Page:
Saved by the greenback tsunami

Historically, global recession has followed when the price of oil crosses $ 30/barrel. But in 2004 the price crossed $ 50, and is still $ 48 today. Yet instead of suffering a recession the world economy skyrocketed by 5.3 % in 2004, the fastest rate for three decades. Some slowing is evident today, with Japan, Germany and Italy registering negative rates. Yet the world economy as a whole (and India) look set for another year of good growth.

India and other Asian countries were crushed by the oil shocks of 1973, 1979-80 and 1990-91. Yet they seem barely touched by record oil prices today. After GDP growth of 8.5% last year, India is projected to hit 6.9% this year. Similar good news comes from other developing countries, even in Africa. What has suddenly made these economies impervious to high oil prices?

First, let us understand why high oil prices cause recessions. When consumers have to spend much more on oil, they have less money for other purchases. So consumer demand for goods and services other than oil falls. Higher fuel prices cut into profits of companies, which have less money to buy machinery. The fall in demand for both consumer goods and machinery means a recession. Lower demand translates into less growth, less jobs, less corporate profits, and more poverty.

Why has oil at $ 40-50/barrel not caused a global recession this time? One reason is that the dollar itself has depreciated. But the main reason is the flood of dollars unleashed by the fiscal deficits of George Bush and the easy money policy of Alan Greenspan of the US Federal Reserve. Between them, they have unleashed a veritable tsunami of greenbacks. Estimates of the total US fiscal deficit (federal, state and off-budget deficits) range from $ 450 billion to $ 600 billion/year, equal to the entire GDP of India! Greenspan has kept US interest rates below the rate of inflation for four years, sparking a huge expansion in money supply and credit card spending.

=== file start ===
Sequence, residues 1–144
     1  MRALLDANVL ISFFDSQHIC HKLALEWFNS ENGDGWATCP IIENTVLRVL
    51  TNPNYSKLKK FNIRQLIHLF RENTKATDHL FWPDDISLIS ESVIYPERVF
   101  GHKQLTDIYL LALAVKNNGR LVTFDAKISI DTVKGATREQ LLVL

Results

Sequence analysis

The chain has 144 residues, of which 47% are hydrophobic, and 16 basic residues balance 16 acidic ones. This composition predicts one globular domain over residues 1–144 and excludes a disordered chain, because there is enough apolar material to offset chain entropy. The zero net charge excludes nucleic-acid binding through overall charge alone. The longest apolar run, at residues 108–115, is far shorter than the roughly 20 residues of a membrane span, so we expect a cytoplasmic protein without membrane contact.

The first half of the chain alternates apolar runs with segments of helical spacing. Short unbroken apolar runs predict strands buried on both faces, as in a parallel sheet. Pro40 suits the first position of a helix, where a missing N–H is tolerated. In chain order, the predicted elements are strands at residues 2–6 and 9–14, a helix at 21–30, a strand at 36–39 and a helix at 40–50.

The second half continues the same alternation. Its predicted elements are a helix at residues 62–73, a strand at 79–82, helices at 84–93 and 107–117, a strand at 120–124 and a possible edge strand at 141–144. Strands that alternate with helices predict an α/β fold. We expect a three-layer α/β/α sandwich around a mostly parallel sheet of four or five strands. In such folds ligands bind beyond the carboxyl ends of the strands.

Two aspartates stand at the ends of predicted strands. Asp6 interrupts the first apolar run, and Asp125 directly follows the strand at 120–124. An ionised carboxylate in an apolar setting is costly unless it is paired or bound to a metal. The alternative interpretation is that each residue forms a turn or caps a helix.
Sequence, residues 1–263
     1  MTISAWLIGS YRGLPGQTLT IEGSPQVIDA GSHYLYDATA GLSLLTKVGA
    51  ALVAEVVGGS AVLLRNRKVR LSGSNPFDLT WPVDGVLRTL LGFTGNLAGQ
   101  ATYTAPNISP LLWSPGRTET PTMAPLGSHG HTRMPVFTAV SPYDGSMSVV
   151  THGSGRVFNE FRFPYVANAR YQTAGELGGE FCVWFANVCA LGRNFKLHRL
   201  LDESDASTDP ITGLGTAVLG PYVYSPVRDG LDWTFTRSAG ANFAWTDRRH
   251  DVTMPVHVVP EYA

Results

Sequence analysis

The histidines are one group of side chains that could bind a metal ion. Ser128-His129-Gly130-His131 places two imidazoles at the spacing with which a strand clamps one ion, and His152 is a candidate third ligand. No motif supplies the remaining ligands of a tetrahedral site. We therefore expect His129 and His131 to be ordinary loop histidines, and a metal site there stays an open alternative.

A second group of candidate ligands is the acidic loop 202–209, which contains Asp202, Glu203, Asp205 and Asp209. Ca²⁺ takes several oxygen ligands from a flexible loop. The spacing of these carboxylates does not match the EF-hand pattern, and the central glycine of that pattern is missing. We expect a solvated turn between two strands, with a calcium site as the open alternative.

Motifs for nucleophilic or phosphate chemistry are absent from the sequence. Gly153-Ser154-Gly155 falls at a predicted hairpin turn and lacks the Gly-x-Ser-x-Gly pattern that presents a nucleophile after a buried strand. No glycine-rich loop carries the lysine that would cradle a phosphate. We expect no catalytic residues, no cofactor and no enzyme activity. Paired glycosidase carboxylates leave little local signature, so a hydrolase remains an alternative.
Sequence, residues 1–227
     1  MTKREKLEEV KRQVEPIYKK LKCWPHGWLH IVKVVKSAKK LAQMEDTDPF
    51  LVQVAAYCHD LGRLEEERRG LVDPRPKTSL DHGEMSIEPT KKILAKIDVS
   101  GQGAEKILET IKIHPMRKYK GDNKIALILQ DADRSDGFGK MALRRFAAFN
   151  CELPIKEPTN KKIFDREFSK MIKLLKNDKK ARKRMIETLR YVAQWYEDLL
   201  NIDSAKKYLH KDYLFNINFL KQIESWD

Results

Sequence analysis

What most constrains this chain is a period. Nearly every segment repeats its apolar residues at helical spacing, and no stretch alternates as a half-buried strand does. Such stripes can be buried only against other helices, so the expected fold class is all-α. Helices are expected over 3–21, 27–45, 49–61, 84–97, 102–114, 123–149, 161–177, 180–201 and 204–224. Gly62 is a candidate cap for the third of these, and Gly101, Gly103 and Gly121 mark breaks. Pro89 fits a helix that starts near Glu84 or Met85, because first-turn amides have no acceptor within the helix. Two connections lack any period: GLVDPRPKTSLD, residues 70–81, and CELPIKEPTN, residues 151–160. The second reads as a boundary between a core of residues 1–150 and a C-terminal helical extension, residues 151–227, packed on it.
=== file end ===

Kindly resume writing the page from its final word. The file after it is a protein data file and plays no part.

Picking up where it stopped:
Americans are spending like there is no tomorrow, buying frenziedly from all corners of the globe. So, the US trade deficit is now running at an annualised rate of around $ 700 billion. This in turn has enabled developing countries to run huge trade surpluses, which they have converted into record forex reserves.

According to The Economist, the global supply of dollars (the US monetary base plus global forex reserves) rose in 2004 by a whopping 25%, the fastest rate for three decades. This has become an unwitting form of global Keynesian rescue from what should normally have been a global recession.

Keynes showed that the way out of a recession was for a country to run a big fiscal deficit and loose monetary policy, creating a flood of money to offset the drop in demand caused by a recession. But in our globalised world, a flood of local money leaks into the global economy. So, in order to lift the US economy, Bush and Greenspan have been obliged to release a flood of dollars big enough to lift the entire world economy.

Consider India. In past oil shocks, Indian companies faced with falling demand would try to export more. However, since demand was falling globally, they found exporting difficult, and often exports fell.

But not this time. India’s exports surged by 25.5% in the first 10 months of the fiscal year, rising to an astonishing 33% in January 2005. Imports surged even higher, by 34.7% in the first 10 months. This was partly because of costly oil, partly because the economy kept booming and sucking in more imports. Yet we have a current account surplus, and forex reserves are rising.

The dollar tsunami has provided enough for every Asian country to pay for costly oil and yet generate forex surpluses by exporting massive amounts of goods and services to the USA. The latest data show current account surpluses in not only India but Thailand, Taiwan, Korea, China, Indonesia, and every Tom Dick and Harry.

The dollar tsunami has lifted more than just global exports. It has lifted asset prices throughout the world. If property prices are shooting up everywhere from London and Madrid to Gurgaon and Bangalore, if stock market prices are shooting up in India and Indonesia, one important cause is the dollar tsunami.

However, the tide will turn one day. US fiscal and monetary policy will tighten, and the dollar tsunami will ebb. Watch out then for a crash in our property and stock markets.

What do you think?